Decoration Circle
Advanced SEO Textbook
4

Content Delivery Networks

In this chapter, we will discuss how Content Delivery Networks can help improve your website's search presence.

Topic Details
Clock icon Time: 15
Difficulty Hard

Apart from creating great content (for humans, not search engines) and building authority via backlinks, we’ve seen in the previous section, that improving your website’s load speed is another crucial factor in improving both the user experience and your chances of ranking better in the SERPs. Implementing CDN’s play a huge role in optimising the page speed of your website and improving your SEO.

What Is A CDN?

A CDN (Content Delivery Network) is a system of edge servers (also referred to as POPs) that are distributed across the world. CDNs store and cache a copy of your website’s static content. These assets are then served by the various edge servers based on the user’s geographical location. This allows for uninterrupted delivery of large amounts of content to users.

If for example your website is hosted in London, then people who are accessing it from Manchester or Birmingham will receive the content much quicker than users accessing it from Sydney or Tokyo.

Essentially, the further away the person accessing your site is (i.e. the distance between the server and a client), the longer it will take them to load your site – this naturally can be frustrating for users. CDNs therefore offer businesses and webmasters the opportunity to reach a wider audience regardless of their location within seconds.

As a result, CDNs are and should be an essential priority for any business that is looking to grow their search presence.

What’s the Difference Between Static and Dynamic Content?

Static content is any file that is stored in a server such as a HTML, JavaScript or image file, and remains the same every time that it is displayed to the user. Think of static content like a book or newspaper in that once it’s been published, it doesn’t change and is the same for everyone who buys a copy.

Dynamic content is the opposite – it adapts based on certain factors that are specific to every user. For example, the time of visit, location and device used may influence what you see.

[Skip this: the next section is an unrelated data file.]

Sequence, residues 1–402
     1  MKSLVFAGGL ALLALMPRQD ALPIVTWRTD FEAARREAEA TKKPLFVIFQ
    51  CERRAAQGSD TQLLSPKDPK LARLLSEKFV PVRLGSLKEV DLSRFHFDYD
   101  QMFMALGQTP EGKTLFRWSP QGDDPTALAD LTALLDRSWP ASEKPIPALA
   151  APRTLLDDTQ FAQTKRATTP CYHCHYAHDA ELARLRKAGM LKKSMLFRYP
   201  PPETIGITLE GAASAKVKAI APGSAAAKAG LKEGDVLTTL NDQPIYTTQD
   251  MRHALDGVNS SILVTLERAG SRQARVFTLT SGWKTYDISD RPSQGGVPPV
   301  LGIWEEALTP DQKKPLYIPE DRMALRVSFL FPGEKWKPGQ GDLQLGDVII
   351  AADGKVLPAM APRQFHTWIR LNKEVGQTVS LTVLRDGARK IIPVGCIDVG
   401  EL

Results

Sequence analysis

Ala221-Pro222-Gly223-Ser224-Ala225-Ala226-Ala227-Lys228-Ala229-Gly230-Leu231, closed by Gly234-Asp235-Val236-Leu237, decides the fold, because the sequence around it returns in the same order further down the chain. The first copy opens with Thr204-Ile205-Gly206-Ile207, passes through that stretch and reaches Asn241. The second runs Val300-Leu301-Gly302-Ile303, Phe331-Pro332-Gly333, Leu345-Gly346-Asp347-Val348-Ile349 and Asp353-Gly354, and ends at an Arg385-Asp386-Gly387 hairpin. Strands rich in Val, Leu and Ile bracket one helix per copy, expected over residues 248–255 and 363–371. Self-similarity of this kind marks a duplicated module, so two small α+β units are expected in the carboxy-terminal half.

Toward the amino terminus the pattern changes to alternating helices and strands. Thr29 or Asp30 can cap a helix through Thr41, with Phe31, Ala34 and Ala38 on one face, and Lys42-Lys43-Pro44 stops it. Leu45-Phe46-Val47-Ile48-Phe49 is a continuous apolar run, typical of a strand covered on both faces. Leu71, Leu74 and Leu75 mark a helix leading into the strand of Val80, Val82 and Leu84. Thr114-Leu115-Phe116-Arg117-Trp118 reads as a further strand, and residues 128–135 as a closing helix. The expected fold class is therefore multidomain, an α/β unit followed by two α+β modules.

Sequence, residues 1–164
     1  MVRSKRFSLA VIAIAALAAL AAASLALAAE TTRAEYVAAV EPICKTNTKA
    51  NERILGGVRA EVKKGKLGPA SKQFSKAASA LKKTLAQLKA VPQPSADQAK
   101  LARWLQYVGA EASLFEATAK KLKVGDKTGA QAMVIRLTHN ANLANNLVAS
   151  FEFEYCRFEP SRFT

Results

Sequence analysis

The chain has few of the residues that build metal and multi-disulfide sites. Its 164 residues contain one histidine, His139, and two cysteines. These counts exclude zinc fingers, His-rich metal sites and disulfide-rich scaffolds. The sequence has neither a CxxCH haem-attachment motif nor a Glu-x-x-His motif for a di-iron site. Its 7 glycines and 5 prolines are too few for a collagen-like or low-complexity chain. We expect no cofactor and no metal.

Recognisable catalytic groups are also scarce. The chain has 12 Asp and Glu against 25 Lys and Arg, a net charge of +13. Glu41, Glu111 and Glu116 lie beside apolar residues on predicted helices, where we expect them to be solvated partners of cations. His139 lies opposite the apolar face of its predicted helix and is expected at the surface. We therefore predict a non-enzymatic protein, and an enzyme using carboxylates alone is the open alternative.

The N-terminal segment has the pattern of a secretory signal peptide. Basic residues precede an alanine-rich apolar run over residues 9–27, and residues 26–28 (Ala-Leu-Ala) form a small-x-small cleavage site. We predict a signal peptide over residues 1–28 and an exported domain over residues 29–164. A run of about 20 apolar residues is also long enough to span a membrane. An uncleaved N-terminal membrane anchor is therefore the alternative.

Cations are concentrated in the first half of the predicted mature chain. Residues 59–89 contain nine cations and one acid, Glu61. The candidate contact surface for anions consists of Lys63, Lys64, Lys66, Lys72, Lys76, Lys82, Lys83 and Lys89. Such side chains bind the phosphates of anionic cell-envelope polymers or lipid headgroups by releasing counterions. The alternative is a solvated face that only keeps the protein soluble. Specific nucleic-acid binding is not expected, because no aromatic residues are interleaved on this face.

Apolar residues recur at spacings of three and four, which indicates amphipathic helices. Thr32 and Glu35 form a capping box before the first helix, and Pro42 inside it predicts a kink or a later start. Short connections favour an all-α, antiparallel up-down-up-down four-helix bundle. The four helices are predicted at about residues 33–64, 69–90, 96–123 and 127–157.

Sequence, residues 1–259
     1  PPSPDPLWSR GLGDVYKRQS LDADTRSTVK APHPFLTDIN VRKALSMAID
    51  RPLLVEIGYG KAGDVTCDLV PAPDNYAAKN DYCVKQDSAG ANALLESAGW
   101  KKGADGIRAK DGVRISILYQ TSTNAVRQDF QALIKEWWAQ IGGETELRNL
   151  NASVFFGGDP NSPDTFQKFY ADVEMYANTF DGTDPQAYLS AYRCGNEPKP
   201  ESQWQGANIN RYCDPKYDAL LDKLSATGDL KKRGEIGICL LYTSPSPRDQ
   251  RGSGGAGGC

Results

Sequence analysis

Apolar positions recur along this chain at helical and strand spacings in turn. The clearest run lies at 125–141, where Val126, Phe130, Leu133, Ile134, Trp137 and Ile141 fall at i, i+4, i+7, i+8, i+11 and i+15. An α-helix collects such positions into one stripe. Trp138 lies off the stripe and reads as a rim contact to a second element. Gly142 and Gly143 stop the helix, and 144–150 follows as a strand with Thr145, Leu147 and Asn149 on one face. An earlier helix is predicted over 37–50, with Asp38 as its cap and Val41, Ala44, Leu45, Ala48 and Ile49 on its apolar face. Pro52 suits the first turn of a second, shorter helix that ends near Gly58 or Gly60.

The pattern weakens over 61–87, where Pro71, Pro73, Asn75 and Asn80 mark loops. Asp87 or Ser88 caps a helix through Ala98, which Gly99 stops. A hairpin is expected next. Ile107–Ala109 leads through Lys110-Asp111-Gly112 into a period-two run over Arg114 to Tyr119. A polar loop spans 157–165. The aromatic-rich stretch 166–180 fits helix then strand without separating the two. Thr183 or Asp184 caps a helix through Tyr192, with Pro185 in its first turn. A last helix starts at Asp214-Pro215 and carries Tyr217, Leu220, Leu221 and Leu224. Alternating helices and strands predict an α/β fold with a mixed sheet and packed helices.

Dynamic web content will not look the same for every user, in fact, it can also change whilst users interact with it.

How Do CDNs Work?

As explained above, CDNs are made up of distributed servers called POPs (or “points of presence”), which are spread out across the world. The server closest to where the user accesses your website is referred to as the edge server. Users accessing your website are connected to the closest edge server which ensures that the content on the website is delivered to the user as quickly as possible.

The below four steps outline a typical CDN caching process:

1. When the user requests a web page, the user’s request is routed to the CDN’s nearest edge server.

2. The edge server requests the origin server for the content that the user wants.

3. The origin server responds to the edge server’s request.

4. The edge server responds to the client with the content.

By caching the website’s content on a CDN, you are able to present your website’s content to the user quicker than you would be able to from your host server. On top of this, CDNs remove and update the static content on a regular basis which ensures that only the most relevant and fresh content is being delivered to clients, regardless of whether or not the website content is cached.

How Are CDNs Beneficial For SEO?

CDNs have various effects on your SEO, here we’ll outline a few ways that your website’s search presence can be heightened by a CDN.

Improved Site Load Speed

A factor we have discussed in some detail already, CDNs help minimise the latency between content being delivered from your server to the client. Load speed is crucial in providing the user with a great experience, improving conversion rates and decreasing the bounce rate.

If you’re sceptical about site speed being a ranking factor, take it from Google: “We encourage you to start looking at your site’s speed… not only to improve your ranking in search engines, but also to improve everyone’s experience on the Internet.”

Ensures Content Consistency

CDNs purge content through the use of caching algorithms and canonical headers so that only the most recent and relevant content loads first. This means that duplicate content creation is minimised.

Improved Security

Adding a CDN to your website serves as an extra layer of security and the risk of an attack will also decrease. This is because of the multiple servers that are located across the world which work together by sharing the load time to prevent your site from crashing.

Improved Availability and Uptime

Hosting the static content on a CDN means there’s less strain on your own server – this means that your website’s uptime and availability will increase. On top of this, most of the top CDN providers have built in mechanisms to prevent your site from going down, for example load balancing ensures that your website stays online whenever it receives a sudden spike in visitors.

What CDN Should You Use?

When choosing which CDN to use for your website, we recommend that you look for the one that offers the best performance and features (like load balancing) at a price that is suitable for your budget. There are lots of CDN providers out there such as Sucuri, MaxCDN, Azure, Amazon CloudFront, and most are incredibly easy and simple to set up.

At SUSO, we use CloudFlare, which we’ll take a look at in more detail next.